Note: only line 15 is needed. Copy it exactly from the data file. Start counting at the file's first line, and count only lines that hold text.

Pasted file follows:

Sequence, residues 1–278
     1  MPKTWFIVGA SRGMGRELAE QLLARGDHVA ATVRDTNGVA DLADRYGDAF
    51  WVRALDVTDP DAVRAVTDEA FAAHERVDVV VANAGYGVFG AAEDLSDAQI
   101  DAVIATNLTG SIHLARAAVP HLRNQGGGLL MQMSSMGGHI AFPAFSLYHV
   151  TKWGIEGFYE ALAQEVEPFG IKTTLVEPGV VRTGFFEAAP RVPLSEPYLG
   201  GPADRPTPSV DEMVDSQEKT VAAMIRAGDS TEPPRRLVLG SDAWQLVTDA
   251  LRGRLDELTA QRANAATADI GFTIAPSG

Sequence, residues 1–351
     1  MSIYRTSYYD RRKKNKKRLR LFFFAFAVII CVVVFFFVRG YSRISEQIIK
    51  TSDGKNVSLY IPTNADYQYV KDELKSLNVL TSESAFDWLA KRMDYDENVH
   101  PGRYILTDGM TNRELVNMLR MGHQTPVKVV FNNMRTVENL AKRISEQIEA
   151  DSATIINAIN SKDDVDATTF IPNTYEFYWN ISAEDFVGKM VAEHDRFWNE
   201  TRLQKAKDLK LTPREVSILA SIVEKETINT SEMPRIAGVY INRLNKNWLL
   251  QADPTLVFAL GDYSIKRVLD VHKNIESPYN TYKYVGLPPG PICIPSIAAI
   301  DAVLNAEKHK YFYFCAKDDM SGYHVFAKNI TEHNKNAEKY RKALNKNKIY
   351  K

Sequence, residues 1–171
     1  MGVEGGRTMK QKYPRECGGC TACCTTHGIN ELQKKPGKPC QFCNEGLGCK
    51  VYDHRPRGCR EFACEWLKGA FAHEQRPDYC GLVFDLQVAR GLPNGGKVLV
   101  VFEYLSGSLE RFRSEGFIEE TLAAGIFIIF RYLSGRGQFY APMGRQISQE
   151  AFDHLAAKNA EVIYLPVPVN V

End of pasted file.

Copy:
   301  DAVLNAEKHK YFYFCAKDDM SGYHVFAKNI TEHNKNAEKY RKALNKNKIY